songs in my head in a limo on the drive to and from Newark
Over the years, he has played with wedding bands, show bands, disco
bands "and everything else," but his first love has always
been the blues. He also considers himself a serious Beatles fan.
Resnick cites piano playing influences that include Otis Spann, who
was a key part of Muddy Waters’ Band for many years, Ray Charles,
and Waters himself. "My favorite artist of all time has always
been Muddy Waters."
Resnick says his first influence was his grandmother, who gave him
piano lessons as a four-year-old.
"I noticed I could play by ear right from the beginning. The first
blues people I ever saw were Sonny Terry and Brownie McGhee on `The
Mike Douglass Show,’ and my early influences would have to include
Ray Charles, Aretha Franklin and Otis Spann, but later I got into
the jazz guys, Oscar Peterson and others.
"I think a lot of my other inspiration comes from guitar
he says, "I know I learned a lot from Sonny Rhodes and I
some of his slide work into my playing. What I enjoy hearing will
ultimately come out in my own style on the keyboard."
Resnick attended Emerson College in Boston for a time, college in
Northfield, Minnesota and finally Rider College, "but at Rider,
I spent all my time in the piano room, so I made it out of college,
I just never graduated," he laughs, "I just followed my
Asked about their approach to songwriting, Shive and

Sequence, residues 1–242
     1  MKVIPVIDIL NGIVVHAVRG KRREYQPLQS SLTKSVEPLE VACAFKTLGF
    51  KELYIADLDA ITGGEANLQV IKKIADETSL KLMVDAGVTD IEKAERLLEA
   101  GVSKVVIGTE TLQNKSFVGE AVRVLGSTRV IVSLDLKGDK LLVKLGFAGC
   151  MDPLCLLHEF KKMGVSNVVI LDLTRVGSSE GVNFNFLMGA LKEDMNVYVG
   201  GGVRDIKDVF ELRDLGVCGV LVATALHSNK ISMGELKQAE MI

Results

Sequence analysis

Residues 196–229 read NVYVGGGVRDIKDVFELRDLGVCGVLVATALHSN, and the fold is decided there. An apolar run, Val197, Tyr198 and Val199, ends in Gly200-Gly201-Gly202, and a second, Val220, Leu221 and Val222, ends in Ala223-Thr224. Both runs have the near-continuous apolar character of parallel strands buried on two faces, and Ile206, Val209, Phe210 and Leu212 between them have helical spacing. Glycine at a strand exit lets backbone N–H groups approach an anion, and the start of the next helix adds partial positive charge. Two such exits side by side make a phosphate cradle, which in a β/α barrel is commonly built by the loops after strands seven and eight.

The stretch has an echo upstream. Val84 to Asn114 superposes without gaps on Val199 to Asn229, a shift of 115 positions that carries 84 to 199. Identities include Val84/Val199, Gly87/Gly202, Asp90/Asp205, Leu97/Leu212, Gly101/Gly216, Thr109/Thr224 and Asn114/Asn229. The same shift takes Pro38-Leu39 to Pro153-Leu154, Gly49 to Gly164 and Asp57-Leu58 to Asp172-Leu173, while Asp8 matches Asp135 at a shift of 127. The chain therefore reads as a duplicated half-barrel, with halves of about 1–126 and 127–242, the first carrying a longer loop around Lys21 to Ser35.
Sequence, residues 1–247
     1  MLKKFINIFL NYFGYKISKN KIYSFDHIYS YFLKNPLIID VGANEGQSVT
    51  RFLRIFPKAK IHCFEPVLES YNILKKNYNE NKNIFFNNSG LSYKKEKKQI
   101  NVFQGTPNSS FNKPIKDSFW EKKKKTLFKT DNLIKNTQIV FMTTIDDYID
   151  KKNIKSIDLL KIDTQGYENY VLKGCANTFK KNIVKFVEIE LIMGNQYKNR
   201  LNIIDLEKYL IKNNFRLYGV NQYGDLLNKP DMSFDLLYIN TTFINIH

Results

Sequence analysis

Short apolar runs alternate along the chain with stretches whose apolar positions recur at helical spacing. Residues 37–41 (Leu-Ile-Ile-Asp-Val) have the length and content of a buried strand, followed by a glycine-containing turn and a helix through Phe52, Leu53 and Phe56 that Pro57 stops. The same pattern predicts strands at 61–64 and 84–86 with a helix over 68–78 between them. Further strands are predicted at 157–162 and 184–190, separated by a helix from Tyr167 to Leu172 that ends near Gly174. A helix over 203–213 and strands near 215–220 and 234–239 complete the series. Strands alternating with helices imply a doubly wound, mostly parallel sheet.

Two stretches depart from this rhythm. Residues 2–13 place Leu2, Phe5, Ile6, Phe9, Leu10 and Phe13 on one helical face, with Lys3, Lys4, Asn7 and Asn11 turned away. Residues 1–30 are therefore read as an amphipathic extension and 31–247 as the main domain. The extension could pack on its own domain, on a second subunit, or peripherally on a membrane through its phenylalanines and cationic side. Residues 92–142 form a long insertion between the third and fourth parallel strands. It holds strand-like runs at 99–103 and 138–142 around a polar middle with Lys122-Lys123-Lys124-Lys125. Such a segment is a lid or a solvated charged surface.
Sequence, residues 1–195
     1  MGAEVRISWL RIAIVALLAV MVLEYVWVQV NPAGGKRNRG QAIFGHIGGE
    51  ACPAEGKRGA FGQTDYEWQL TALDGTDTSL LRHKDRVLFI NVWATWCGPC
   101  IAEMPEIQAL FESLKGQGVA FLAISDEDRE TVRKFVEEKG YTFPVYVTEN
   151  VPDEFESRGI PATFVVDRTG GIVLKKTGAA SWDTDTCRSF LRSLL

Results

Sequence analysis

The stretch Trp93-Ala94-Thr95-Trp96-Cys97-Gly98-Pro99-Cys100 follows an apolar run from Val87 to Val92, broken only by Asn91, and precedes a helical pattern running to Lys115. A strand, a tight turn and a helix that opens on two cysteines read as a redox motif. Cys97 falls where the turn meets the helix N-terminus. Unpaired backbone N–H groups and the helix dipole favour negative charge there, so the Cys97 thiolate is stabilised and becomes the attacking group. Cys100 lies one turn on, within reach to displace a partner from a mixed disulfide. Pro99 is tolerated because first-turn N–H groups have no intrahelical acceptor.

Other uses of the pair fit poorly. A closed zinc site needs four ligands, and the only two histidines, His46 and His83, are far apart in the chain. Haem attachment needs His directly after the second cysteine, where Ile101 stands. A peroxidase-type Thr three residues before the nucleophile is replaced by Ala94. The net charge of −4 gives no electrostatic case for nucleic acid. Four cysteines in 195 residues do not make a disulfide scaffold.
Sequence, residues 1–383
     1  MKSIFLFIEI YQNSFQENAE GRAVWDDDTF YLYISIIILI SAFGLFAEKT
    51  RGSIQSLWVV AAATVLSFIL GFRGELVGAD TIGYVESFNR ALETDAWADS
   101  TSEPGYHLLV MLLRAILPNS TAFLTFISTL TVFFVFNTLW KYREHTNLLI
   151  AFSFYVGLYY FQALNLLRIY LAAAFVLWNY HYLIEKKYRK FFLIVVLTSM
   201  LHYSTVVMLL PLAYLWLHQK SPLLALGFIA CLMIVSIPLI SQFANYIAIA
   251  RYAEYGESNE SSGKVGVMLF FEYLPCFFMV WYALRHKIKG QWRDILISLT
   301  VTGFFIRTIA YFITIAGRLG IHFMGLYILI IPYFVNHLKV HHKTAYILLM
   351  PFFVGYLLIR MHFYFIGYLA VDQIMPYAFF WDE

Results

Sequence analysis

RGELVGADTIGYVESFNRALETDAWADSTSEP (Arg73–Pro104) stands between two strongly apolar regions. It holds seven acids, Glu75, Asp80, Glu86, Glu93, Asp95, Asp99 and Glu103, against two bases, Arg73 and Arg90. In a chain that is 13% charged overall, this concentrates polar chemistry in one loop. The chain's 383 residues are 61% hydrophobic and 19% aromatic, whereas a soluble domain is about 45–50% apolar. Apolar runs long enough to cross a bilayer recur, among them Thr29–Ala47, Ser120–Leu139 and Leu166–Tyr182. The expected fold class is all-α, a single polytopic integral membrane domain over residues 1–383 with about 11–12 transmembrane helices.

Resnick say some things get written in rehearsals.
"I’m the type of person who writes by necessity," Shive says.
"I hammer away at songs until I get what I’m looking for."
For instance, with "You’re The Best Friend I Ever Had," he
says, "Doreleena came in with a title line and we all got involved
in the song."
Resnick says "I can pretty much sit at the piano and something
will come out. Sometimes I have an inspiration in the death of a loved
one or a song about a special person, but for the most part I find
that sitting at the piano helps me get in that mode."
"As far as my songwriting inspiration, I’ve always like Muddy
Waters a lot, but I was also influenced by Bob Dylan and the
he says. "And I get inspiration from life experiences, since I’ve
always liked to write poetry."
Shive is justifiably proud of the band’s first album, recorded at
Ventnor Studios in Ventnor. The tracks are well produced, there’s
plenty of rock ‘n’ roll styled atmospherics, and hints of reverb in
just the right places.
On Saturday, June 29, the band will make its debut at the Point in
Bryn Mawr. Like Warmdaddys in Philadelphia, it’s a highly sought-after
club that regularly brings in national acts and less frequently hosts
"We were booked at the Point based on the strength of this
Shive says, adding the owner didn’t have a chance to see the band
live right away. Resnick points out that Shive, bassist McConnell
and guitarist Thompson have been playing together, off and on, in
a procession of various bands, since their respective childhoods.
Given that most of the Bluescasters are around Resnick’s age, it seems
the members of the group learned long ago how to put aside ego
and instead focus on what’s best for the ensemble.
"Our front person, Doreleena, is very dynamic and an excellent
entertainer," Resnick says. "She goes into the audience, sings
from the audience, invites people from the audience on stage. At our
live shows, we play all of the songs from the album and then we do
some traditional blues and modern blues as well. It’s a strong,
— Richard J. Skelly
Street, Lambertville, 609-397-4400. Friday, June 28, 9 p.m.